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In my code, I have asynchronous I/O with I/O Completion Ports, and for the read/write completion callbacks, I get an HANDLE (that of course can be a socket, file handle, named pipe and so on). So if something is wrong in such routine, I want to check the error, but how to know if its a "network" HANDLE [a SOCKET, so I should call WSAGetLastError()] or a "non-network" HANDLE [named pipes, files and so on, so I should call GetLastError()] ? I'm using a simple flag for that, but its ugly, and incovenient. If someone can confirm that WSAGetLastError() is just an alias for GetLastError(), I will use only the latter.

It seems so:



But can someone confirm that? MSDN is not much clear on this topic.

And: would be safe to use GetLastError() instead of WSAGetLastError() ? I mean, if WSAGetLastError() is even an alias of GetLastError() since Windows95 as someone claim, I could assume that it will be true for the next version of Windows -- but we can't write good code on assuming things :)

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up vote 7 down vote accepted

It is just a wrapper to GetLastError if you reverse engineering ws2_32.dll, you'll find it.

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Yeah I saw that, but would you use GetLastError() instead of WSAGetLastError() ? I don't think they will separate those 2 functions, by now – Marco Pagliaricci Mar 23 '13 at 12:13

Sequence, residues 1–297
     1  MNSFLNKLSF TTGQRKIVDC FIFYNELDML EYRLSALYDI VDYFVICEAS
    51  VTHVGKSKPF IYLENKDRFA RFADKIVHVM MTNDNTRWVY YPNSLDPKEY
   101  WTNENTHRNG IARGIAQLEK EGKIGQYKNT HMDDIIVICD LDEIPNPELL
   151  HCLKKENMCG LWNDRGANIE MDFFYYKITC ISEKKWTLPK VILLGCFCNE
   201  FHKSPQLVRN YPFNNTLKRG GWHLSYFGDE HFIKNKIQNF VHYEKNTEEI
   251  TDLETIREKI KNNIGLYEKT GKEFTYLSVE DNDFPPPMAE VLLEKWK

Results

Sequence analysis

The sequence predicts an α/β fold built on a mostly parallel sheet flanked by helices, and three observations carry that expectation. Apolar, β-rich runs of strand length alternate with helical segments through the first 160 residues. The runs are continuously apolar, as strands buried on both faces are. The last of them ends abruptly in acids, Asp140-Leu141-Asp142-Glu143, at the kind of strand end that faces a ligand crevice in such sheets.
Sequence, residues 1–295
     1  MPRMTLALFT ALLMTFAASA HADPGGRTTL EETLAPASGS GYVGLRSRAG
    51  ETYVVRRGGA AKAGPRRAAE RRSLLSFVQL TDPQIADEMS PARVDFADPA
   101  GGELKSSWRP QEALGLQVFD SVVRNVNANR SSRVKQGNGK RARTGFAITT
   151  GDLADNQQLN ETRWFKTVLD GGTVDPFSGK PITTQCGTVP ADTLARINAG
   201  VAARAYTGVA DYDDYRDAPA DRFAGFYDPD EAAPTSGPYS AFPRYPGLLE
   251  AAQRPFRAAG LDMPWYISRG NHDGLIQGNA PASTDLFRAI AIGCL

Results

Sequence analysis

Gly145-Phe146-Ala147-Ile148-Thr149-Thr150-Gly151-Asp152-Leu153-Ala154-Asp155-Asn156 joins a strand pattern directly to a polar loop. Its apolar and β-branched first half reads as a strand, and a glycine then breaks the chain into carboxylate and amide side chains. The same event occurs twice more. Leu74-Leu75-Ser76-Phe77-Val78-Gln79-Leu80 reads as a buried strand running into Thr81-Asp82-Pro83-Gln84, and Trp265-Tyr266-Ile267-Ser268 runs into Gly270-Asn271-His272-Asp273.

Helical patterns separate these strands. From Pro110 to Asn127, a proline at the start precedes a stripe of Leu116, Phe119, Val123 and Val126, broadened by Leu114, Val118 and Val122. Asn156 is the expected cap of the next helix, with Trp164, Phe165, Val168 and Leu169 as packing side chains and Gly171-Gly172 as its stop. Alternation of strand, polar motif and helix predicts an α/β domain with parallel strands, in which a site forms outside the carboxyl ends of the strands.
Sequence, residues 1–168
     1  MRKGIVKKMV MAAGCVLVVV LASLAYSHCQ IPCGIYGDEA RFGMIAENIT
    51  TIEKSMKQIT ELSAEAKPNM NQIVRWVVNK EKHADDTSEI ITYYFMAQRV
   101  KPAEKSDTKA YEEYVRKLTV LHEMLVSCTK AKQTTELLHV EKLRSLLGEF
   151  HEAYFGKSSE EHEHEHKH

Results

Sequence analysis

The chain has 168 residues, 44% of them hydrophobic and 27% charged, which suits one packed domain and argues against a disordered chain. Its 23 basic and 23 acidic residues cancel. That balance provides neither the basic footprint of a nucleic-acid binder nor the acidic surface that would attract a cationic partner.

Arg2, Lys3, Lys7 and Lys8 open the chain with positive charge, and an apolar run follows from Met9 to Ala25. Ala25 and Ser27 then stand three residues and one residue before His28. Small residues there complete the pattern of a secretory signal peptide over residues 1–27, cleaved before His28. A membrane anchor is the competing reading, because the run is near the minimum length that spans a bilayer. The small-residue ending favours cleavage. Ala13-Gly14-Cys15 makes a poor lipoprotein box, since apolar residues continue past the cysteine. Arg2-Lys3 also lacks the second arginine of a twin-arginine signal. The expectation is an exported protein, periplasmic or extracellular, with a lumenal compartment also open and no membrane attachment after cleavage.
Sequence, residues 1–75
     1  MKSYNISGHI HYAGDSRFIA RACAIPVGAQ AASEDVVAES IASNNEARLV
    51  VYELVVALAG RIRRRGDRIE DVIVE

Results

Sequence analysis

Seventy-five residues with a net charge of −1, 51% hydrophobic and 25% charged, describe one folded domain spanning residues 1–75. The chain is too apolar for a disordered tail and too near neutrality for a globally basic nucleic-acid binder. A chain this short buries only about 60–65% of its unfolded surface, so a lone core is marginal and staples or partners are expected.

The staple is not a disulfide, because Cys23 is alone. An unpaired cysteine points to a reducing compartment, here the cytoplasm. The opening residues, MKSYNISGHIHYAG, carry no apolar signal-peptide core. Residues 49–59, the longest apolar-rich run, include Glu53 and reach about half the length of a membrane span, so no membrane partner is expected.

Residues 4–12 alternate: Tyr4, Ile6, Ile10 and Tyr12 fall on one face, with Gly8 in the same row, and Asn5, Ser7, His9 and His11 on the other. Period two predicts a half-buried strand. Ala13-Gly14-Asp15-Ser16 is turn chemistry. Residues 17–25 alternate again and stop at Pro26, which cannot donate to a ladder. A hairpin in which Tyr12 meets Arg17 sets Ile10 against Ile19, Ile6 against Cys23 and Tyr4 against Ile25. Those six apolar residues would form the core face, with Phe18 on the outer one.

I think that is safer use WSAGetLastError due to specific Winsock errors. But this is only my opinion. – Xearinox Mar 23 '13 at 12:29
It is cleaner to use the function the documentation suggests, however in this particular case it is highly unlikely that these two will ever break into separate functions. – Roman R. Mar 23 '13 at 13:44
They used to be different, when Winsock wasn't built into the kernel like it must be now if they are the same, and there's nothing to guarantee they won't be different in some future system. Use WSAGetLastError(). – EJP Mar 23 '13 at 23:53

Reason behind having two similar functions: http://blogs.msdn.com/b/oldnewthing/archive/2005/09/08/462402.aspx

Why does the function WSASetLastError exist when there is already the perfectly good function SetLastError?

Actually, you know the answer too, if you sit down and think about it.

Winsock was originally developed to run on both 16-bit Windows and 32-bit Windows. Notice how the classic Winsock functions are based on window messages for asynchronous notifications. In the 16-bit world, there was no SetLastError function. Therefore, Winsock had to provide its own version for the 16-bit implementation. And since source code compatibility is important, there was a 32-bit version as well. Of course, the 32-bit version looks kind of stupid in retrospect if you aren't aware of the 16-bit version.

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